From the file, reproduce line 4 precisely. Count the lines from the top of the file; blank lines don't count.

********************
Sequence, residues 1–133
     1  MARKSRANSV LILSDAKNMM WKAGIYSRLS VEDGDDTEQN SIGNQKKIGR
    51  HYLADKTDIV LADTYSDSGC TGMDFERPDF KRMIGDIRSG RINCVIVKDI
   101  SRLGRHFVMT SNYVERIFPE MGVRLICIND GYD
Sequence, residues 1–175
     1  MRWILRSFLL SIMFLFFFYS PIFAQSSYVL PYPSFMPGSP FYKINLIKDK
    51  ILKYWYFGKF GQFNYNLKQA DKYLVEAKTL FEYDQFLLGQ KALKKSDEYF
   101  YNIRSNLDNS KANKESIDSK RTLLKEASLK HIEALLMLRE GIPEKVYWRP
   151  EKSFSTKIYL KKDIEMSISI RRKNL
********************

   101  SRLGRHFVMT SNYVERIFPE MGVRLICIND GYD